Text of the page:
Young drives to third despite power steering mishap

Monday, 2 November 2015 00:00 -     - {{hitsCtrl.values.hits}}

IMG-20151101-WA0000From left: Hideki Takayabu, Hitoshi Takayama, Emil Axelsson, Pontus Tidemand, Mike Young and Malcolm Read on the podium with Skoda representatives holding the Manufacturers Cup


By Malik Gunatilleke in Longyou, China

After two days of gruelling driving along an unforgiving track, EZY-Cusco’s Mike Young battled to a podium finish behind Japan’s Hitoshi Takayama and MRF’s Pontus Tidemand who drove to yet another victory in the Asia-Pacific Rally Championship’s China rally.Untitled-1

Day one almost spelt catastrophe for Young and his co-driver Malcolm Read when their Subaru toppled along a straight road as Young’s power steering had malfunctioned. The EZY-Cusco driver had been experiencing problems with his power steering all morning on the first day despite claiming that the previous day’s steering problems were no cause for alarm. Young’s team struggled to find an explanation for the problem which ultimately led to a near rally-ending crash on the final stage of day one.

“We had no power steering all day and the last stage was quite slippery. On a straight piece of road the car started to go left and I couldn’t turn the steering wheel. We went straight on and the bank had a lip on it which flipped the car,” he said.

The China rally is notoriously unforgiving and the drivers’ predicament was only exacerbated by the wet conditions. Despite not having a lasting solution to his steering problems, Young had an early sight at second place with MRF’s Gaurav Gill crashing out in the first stage. Sri Lanka’s Dinesh Deheragoda also bowed out of the race when his car experienced some technical issues during the second stage.

However, with Asia Cup leader Hitoshi Takayama still in the race, Young’s tumble on the final hurdle of day one may have seen his hopes of claiming the Asia Cup dissipate even before the final APRC leg in India.

Fortunately the damage caused by the crash did not knock the Kiwi duo out of the race completely as Read took the initiative and got the car flipped back over with some help.

“Malcolm and I got out of the car and were running down the road to try and get some people to help flip the car over. Credit to Malcolm though, he’s the one who really got us back in it,” Young said.

The Kiwis’ woes on day one were not through as both their front tyres went flat shortly after their restart, which meant that they had to change both tyres during the final stage, setting them back further. 

Nevertheless, Young was able to make it through the stages in time and keep his dreams of another podium finish and a clear shot at the Asia Cup still alive. With Gill’s early exit from the rally, Young was also buoyed by a shot at moving up to second in the APRC standings. The second day brought further good news for Young as R. Mason had to withdraw from the race ensuring a podium finish for Young upon completion. Despite his steering problems, day two presented no further hiccups for the duo which saw them complete the rally as one of just three to do so. Following the rally, Young told the Daily FT that he was ecstatic at the final outcome when so much went wrong during the first day. The crucial decision to carry on despite what many may have considered a knockout blow earned its just rewards in the end.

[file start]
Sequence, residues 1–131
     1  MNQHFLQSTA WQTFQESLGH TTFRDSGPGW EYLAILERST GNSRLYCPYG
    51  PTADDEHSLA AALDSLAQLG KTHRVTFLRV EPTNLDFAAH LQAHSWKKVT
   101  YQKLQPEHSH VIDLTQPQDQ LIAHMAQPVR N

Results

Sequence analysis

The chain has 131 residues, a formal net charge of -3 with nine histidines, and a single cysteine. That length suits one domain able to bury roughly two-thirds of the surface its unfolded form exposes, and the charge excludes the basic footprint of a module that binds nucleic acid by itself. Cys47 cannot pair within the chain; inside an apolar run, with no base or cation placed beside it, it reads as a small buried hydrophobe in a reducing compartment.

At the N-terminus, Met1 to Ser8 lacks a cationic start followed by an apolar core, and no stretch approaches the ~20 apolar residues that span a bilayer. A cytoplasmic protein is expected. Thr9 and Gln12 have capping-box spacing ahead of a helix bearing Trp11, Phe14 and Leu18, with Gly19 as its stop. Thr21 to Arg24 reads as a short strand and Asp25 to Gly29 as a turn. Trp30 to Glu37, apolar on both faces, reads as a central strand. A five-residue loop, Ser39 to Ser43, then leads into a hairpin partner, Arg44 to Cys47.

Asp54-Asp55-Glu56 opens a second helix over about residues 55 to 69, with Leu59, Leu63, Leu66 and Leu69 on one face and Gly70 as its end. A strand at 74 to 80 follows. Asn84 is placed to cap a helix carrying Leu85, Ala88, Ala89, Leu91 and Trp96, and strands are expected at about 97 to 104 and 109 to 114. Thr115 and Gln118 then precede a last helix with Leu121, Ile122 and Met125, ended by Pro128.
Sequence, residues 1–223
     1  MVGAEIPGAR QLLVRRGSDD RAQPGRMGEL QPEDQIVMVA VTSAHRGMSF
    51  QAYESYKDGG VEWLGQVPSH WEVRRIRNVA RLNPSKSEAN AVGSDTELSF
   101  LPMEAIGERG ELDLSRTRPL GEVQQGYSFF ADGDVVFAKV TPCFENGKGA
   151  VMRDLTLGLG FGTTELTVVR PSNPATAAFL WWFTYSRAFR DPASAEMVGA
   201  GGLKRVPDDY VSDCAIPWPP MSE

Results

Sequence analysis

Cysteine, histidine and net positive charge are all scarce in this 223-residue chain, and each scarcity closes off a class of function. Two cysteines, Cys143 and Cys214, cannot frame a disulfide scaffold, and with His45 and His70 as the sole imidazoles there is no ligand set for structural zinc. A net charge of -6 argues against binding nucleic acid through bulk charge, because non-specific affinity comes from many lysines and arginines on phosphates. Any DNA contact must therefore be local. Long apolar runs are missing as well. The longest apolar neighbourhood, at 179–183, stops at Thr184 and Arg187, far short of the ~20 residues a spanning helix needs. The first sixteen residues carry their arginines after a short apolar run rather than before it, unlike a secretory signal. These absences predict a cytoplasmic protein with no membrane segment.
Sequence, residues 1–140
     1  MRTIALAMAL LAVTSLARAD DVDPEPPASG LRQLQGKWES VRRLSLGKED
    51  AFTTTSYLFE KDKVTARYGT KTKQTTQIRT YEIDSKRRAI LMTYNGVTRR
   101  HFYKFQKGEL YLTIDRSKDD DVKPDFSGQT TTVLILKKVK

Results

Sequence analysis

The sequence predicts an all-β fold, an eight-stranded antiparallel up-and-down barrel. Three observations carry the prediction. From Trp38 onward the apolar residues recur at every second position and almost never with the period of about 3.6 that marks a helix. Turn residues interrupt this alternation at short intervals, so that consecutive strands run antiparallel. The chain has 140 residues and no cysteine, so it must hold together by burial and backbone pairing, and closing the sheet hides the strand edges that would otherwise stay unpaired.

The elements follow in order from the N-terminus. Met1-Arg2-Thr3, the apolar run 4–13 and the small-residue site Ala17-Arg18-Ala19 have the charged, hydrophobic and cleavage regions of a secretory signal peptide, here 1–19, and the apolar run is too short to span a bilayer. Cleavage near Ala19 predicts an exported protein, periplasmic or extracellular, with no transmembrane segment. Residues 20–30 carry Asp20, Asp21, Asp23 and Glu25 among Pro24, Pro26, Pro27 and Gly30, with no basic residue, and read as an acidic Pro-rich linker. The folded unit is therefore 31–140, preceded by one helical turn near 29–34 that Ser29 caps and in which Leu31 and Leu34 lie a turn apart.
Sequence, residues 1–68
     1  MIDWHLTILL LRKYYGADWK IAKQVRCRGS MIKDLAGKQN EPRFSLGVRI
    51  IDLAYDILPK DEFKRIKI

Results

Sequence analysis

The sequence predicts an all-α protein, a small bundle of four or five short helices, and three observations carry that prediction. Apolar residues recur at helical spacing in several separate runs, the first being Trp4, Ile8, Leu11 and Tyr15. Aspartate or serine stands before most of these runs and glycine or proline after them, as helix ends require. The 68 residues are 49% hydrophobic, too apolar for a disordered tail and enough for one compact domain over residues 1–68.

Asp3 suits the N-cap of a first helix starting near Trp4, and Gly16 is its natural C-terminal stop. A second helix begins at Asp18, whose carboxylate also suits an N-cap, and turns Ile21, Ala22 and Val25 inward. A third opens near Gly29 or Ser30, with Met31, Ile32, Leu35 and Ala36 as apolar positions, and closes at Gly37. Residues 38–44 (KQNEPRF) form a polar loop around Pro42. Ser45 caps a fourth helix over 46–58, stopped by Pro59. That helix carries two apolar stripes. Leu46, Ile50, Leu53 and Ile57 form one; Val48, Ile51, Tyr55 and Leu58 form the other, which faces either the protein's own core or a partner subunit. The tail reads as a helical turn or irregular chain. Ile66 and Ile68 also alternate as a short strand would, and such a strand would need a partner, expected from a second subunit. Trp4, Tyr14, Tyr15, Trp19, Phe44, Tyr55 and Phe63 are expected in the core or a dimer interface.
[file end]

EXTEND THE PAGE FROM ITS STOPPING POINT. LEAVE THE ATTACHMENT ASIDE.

“When you’re sitting upside down all you’re thinking is ‘oh no, upside down again, we’re not going to finish’. So I’m really happy to have made it out of that and to the finish line,” he said. A visibly excited Young stated earlier this week that the China rally would be a learning experience for him and it threw all it had at the young driver who displayed maturity beyond his years to earn himself another podium finish this season.

“The past week has been one of the toughest we’ve had. Especially with the problems we faced. It’s been pretty tough on the body. It’s definitely one of the toughest races I’ve had,” he said.

Malcolm Read was full of praise for EZY-Cusco driver, explaining that the mental toughness Young had displayed throughout the race was the standout feature of his overall performance.

“Not only were the driving conditions terrible but he had to overcome the power steering issues and that is physically demanding on the body. It’s quite draining and it took its toll,” he said.

Despite the seemingly wide gulf between MRF’s Skodas and the rest of the pack, EZY-Cusco can take pride in its displays on the international stage with the relatively new partnership already displaying signs of challenging to be the best of the rest.

Along with the Production Cup, Young has placed himself in poll position to finish the season with an Asia Cup win in India. Young only needs to complete all the stages in the final rally in India later this year to secure the EZY-Cusco partnership another valuable piece of silverware.